Just down the street things are getting pretty messy. The attacks between the parties have been especially lethal since the mid-term Congressional elections. The Folger Shakespeare Library too is off to a violent start in Julius Caesar, the first show of its 2014-2015 season. Shakespeare’s historical look at the Roman Empire gets very bloody very fast and you should act fast as the show runs through December 7. This staging of one of Shakespeare’s great tragedies, while not such a standout as recent plays on the Folger stage, is a thoughtful examination of government at its best and worst.
Robert Richmond, director of Richard III and Henry VIII at the Folger, has crafted a portrait of democracy, ambition and honor that demonstrates his deft ability to translate the Bard’s plays into modern life. After all, the Roman Forum on Rome’s Capitol Hill was where it all started for our own Congress.
A standout performance by Anthony Cochran of Broadway’s War Horse, as Marcus Brutus, show us a man wrestling with both democratic responsibility and human nature’s love of power. He masks his lethal desire to take the powerful seat occupied Emporor Julius Caesar’s but shows how quickly a noble and honorable man can turn into manipulative politician. And for Brutus, all it takes is a bit of flattery. Sounds familiar, huh?
In the first scene Julius Caesar, played by the Michael Sharon, is on a fast-track to being crowned king. But the appearance of a eerie soothsayer, depicted perfectly by Nafeesa Monroe, shows leadership should always be ready for attack. As the mastermind Cassius, Louis Butelli, a frequent actor on this stage, is already plotting Caesar’s assignation. Butelli always shines on the Folger stage in both comic and tragic roles and this performance is no different.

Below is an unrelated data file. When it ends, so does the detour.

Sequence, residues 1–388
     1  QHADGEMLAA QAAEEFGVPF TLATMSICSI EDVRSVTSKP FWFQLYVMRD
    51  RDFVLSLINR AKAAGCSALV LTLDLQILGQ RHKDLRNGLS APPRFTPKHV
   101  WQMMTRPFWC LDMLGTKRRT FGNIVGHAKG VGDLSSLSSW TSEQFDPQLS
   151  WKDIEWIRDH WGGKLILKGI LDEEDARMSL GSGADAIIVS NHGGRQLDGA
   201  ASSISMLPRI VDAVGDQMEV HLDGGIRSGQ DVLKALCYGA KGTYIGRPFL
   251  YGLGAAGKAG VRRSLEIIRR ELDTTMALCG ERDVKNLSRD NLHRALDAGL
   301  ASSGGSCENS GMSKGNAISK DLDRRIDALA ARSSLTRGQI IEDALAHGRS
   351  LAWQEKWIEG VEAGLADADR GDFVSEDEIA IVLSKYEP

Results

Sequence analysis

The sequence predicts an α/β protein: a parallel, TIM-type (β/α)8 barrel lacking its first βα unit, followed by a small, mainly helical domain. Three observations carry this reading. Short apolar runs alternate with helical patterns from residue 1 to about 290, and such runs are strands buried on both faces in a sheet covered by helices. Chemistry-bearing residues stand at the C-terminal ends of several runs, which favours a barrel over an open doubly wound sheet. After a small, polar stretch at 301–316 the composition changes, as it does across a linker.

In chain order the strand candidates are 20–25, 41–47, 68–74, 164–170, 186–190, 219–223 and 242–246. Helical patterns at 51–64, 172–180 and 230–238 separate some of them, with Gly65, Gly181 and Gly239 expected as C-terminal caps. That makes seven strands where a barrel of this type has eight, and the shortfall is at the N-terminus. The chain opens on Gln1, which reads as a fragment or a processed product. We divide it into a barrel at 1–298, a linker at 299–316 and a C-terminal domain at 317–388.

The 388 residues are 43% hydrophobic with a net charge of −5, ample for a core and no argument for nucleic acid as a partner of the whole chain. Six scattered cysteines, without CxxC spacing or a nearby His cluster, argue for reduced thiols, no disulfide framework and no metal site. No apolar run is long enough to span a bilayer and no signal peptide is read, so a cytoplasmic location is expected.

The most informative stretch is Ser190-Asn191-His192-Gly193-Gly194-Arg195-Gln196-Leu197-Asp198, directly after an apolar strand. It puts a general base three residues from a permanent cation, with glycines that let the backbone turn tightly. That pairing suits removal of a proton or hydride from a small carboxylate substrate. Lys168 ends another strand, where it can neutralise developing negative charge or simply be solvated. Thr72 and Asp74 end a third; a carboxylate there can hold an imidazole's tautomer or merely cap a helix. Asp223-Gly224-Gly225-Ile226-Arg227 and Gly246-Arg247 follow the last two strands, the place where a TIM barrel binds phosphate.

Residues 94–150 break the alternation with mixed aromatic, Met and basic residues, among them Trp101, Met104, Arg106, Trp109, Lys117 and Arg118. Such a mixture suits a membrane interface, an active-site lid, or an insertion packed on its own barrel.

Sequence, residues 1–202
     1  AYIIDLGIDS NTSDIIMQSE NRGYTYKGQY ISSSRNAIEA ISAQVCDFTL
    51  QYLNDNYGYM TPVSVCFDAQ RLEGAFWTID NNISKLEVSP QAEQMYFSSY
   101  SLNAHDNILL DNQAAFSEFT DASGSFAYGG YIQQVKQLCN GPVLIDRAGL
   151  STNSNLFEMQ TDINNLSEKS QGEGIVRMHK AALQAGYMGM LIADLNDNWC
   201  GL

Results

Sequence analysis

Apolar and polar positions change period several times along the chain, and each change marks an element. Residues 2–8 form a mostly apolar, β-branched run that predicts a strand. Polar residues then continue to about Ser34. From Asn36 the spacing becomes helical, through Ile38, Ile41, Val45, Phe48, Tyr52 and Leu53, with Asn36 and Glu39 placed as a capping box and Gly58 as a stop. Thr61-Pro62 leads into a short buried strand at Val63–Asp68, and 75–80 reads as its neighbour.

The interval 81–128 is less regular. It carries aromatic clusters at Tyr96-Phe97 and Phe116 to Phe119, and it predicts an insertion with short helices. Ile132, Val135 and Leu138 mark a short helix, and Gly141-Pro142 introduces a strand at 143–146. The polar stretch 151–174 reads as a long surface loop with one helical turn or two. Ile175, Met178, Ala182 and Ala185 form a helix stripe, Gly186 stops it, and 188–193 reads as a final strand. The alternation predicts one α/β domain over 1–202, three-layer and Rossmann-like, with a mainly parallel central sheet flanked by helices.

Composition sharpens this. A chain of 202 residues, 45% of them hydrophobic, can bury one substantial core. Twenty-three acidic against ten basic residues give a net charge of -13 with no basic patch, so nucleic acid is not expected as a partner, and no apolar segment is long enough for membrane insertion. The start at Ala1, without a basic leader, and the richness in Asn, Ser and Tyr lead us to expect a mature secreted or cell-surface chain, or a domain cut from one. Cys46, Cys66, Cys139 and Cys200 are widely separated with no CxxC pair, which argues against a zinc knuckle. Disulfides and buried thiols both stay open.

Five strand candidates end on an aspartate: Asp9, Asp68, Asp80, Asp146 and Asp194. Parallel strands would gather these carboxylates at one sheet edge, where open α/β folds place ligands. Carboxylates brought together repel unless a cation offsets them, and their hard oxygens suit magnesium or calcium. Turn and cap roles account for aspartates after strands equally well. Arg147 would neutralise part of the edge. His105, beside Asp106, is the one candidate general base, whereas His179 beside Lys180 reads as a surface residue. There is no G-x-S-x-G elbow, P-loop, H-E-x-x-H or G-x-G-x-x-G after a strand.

After the assassination the murders allow plainspoken Mark Anthony to give Caesars eulogy. Maurice Jones shows this mild-mannered politician is the real deal, saying one thing and then does another to turn the public towards him. Things in Rome dissolve very quickly and dramatic lighting and sound effectively show a city in chaos. The Empire eventually falls into civil war.
And then there’s more blood. With deathly plumes of red rose petals littering the floor, the audience is brought face to face with brutal war and its universality. World War II costumes, complete with gas masks, show us this drama is not frozen in time but instead uncannily represents politics and war today. Actually, it’s a bit like watching House of Cards. The flatterer Casca, played expertly by Maboud Ebrahimzadeh, provides a bit of humor and guilt, but most of the characters are far more plagued by the emotion than anyone in Netflix’s dangerous ensemble.
Get tickets, get ready to see a band of conniving politicians and as you depart, take a new look at the home to our own duplicitous leaders — yes, the Capitol — just two blocks away.